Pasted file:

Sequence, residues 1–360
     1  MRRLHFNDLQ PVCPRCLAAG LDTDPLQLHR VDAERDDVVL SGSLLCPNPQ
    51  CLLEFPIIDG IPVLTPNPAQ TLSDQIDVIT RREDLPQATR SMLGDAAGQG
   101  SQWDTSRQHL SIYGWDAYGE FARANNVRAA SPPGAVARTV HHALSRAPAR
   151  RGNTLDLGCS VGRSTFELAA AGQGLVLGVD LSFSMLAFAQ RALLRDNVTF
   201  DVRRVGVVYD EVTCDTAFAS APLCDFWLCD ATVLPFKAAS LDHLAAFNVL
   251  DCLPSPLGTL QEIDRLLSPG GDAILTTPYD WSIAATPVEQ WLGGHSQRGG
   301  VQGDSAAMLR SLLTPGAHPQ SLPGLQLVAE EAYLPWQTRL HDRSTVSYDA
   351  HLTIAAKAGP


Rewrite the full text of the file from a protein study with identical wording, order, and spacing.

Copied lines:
Sequence, residues 1–360
     1  MRRLHFNDLQ PVCPRCLAAG LDTDPLQLHR VDAERDDVVL SGSLLCPNPQ
    51  CLLEFPIIDG IPVLTPNPAQ TLSDQIDVIT RREDLPQATR SMLGDAAGQG
   101  SQWDTSRQHL SIYGWDAYGE FARANNVRAA SPPGAVARTV HHALSRAPAR
   151  RGNTLDLGCS VGRSTFELAA AGQGLVLGVD LSFSMLAFAQ RALLRDNVTF
   201  DVRRVGVVYD EVTCDTAFAS APLCDFWLCD ATVLPFKAAS LDHLAAFNVL
   251  DCLPSPLGTL QEIDRLLSPG GDAILTTPYD WSIAATPVEQ WLGGHSQRGG
   301  VQGDSAAMLR SLLTPGAHPQ SLPGLQLVAE EAYLPWQTRL HDRSTVSYDA
   351  HLTIAAKAGP